DSLR , whoa what a difference!
Excited. Thrilled. Eager. These are some of the emotions that I felt when I first found out about stock photography. Receiving money for taking photos of random objects? How great was that?
Well, that was back in October. A massive upload of photographs later - a big slap in the face.
A true wake up call. Shortly thereafter, these emotions set in: dejected, disappointed, embarrassed, confused.
Ex-rookie photographers will recall how emotionally traumatizing it was when it seemed like no matter what we did, the photos being submitted would always get rejected. For one reason or another - with comments like, "Poor optical performance...", "Poor lighting..." or "Distorted pixels...". So traumatizing to the point where I wanted to pull out all my hair. (metaphorically speaking of course).
The learning curve no doubt was steep. I went through a period of time of withdrawal – abstaining from submitting any photos - for fear of further lowering my acceptance ratio.
Didn’t want to quit, I began to attribute the failure to the fact that I was using a point-and-shoot camera. Without first using a DLSR camera, I refused to admit defeat. That’s where the Nikon D50 came in.
Learning to use the DSLR camera was rather easy. Much easier than I thought. I also noticed a significant difference in image quality when I uploaded the photos onto my computer. I found the overall quality of the image appeared sharper. Colors looked more vibrant. Not to mention, I can now shoot in RAW format as well as JPEG.
Tempting fate once again after a month or so of withdrawal, I uploaded a batch photos taken from my new DLSR camera. Well, guess what - all my images got accepted. Here're some examples:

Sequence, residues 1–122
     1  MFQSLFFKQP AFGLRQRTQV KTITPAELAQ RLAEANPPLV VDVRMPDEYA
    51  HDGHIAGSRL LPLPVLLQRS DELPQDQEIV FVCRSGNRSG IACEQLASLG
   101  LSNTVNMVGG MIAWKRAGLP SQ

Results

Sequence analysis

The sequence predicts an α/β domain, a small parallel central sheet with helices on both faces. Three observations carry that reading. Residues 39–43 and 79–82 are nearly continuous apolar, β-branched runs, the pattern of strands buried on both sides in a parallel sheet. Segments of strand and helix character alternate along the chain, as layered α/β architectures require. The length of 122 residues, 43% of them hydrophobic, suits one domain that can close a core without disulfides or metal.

The excitement and the relief that I felt could not be explained. The mini-triumph was nevertheless an important milestone for a struggling and an extremely green photographer.
Of course, this is not to say that I haven’t had rejected images since I got the DLSR. Far from it. I tried to experiment with various shots using the DSLR. Trying out shots that I couldn’t do with a point-and-shoot camera. And experimenting doesn’t always guarantee success.
But sometimes, it works. Like this one:
I guess for me, the most gratifying aspect of this is not to prove that my DLSR is much better than my point-and-shoot camera. (Does this really need to be proved? :)) It has to do with overcoming difficulties and not giving up. Back in November and early December, I could have easily dropped this hobby and stuck with my point-and-shoot camera and be happy with what I had. I remember telling myself it would be unimaginable to purchase two new cameras in one year. (Please refer to my blog article: Reflection on my 2007 for background). Yet, I knew there was unfinished business to take care of. So I took action and it has paid off.
So to those rookie photographers out there that feel down now, don’t give up!
JJPHOTOS - Joe Ng
PS: Any comments or suggestions are welcome.
Photo credits: Joe Ng.
- Waterfalls: Hints To Make The Best Of Your Photographic Experience
- What makes a travel photography bestseller
- Animal Shelter Photography: Bama
- The orangutang baby
- The perfect location shoot for a book cover!
- Splendour of Southampton
- 10 Tips for Travel Photographers
- Tip of the week: When is a model camera ready?